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Dartmouth Early Learning Center

284 Gulf Hill Road
South Dartmouth, MA 02748

(508) 992-1301


Philosophy & Approach

Day in the Life

General School Mission

"The mission of DELC is to support the essential nurturing and guidance that is
critical to healthy growth and development of young children by offering a rich
home-familiar learning environment where children's curiosity and hunger for
learning are nurtured through play, discovery, and the arts. Our programs are
designed to help children build positive self-images, develop competence and
positive dispositions toward learning and school, and to learn basic skills of
social living. The work we do at DELC is intimately related in aim, in method,
and in materials used to fundamental assumptions about how, what, and why
children learn. Our constructivist approach is child centered, hands-on and
humanistic and is aimed at the harmonious development of the whole child in
all areas. It is meant to reflect a variety of developmental levels among children
taking into account their many individual characteristics and special qualities.
Our emphasis is on helping children discover and work towards their own style
of learning, construct meanings, and use freedom in a carefully prepared
Our philosophy of education has developed over the twenty years that we have
been teaching young children. While we have integrated the ideas of many fine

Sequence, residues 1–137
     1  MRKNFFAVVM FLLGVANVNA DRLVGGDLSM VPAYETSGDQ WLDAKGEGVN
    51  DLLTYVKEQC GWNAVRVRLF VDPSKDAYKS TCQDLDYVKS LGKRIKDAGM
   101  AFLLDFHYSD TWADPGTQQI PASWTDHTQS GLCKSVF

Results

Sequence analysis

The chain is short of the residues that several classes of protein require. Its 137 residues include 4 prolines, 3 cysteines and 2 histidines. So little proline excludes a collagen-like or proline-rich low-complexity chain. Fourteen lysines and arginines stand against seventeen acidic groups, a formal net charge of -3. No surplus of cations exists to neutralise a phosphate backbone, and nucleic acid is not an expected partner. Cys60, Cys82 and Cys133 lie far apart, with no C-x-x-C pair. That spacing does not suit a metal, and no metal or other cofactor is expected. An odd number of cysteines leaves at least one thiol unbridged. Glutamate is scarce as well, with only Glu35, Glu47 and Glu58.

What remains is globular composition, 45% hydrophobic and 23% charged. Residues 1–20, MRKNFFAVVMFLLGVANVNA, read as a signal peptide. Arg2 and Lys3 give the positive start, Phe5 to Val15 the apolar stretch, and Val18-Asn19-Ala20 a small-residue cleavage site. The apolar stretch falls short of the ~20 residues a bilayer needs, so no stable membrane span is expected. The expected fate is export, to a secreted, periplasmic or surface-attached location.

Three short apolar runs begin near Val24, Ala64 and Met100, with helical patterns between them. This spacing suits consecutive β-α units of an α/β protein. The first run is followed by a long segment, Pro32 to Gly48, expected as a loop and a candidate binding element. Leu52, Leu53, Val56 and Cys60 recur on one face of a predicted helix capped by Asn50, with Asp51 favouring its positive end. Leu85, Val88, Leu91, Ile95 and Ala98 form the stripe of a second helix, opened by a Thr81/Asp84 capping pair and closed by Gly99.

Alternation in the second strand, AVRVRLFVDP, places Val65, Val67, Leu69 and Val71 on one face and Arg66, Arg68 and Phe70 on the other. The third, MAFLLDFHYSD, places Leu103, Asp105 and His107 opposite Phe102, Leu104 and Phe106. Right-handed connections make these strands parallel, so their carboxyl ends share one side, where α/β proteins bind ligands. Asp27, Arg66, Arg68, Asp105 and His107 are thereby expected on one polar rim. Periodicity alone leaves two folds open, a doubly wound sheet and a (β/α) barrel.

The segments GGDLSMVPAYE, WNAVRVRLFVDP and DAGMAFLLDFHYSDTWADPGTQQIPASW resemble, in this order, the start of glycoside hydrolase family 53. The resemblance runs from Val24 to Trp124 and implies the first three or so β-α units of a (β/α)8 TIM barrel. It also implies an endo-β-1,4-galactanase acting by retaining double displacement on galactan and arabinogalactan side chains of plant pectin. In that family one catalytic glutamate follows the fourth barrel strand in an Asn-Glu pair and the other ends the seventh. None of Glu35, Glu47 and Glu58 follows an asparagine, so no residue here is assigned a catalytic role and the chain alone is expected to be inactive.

educators, we have been most inspired by the Reggio Emilia preschools in Italy
whose aim is to "preserve the spell of the child unbroken." The basic
components of Reggio Emilia include viewing the child as powerful rather than
powerless; using an emergent curriculum that is based on the interests of
children; engaging in projects that are not limited in time or scope; and
documenting the child's progress with words and pictures.
While we design developmentally appropriate readiness activities for our
children to explore, we recognize the educational value of children finding and
solving self-defined problems that arise from child-initiated activity and choices.
Through shared activity and social exchange children co-construct their
knowledge of the world using one child's ideas to develop anothers or to
explore a path yet unexplored. The teacher does not direct children's learning
in lock step fashion, rather facilitates it through the selection of stimulating
materials, the arrangement of the environment, and our day to day interactions
with children. Our role as teachers is to set the stage for learning, to offer
encouragement, and to gently guide the learning and development of the
children in our care. We feel that what really matters in early childhood
education is the spirit of the young child that needs to be nurtured, the reason
he/she learns so well. As children become increasingly institutionalized, it helps
to keep in mind that what happens to this spirit has far more consequences
than any specific content in schooling. A program with this kind of focus sets
the stage for positive attitudes about one's self, about school, and learning is
likely to produce children who feel that learning is enjoyable, meaningful, and
It is our firm belief and guiding philosophy that children learn best through play,
and that play is their very significant form of work. Play puts learning in a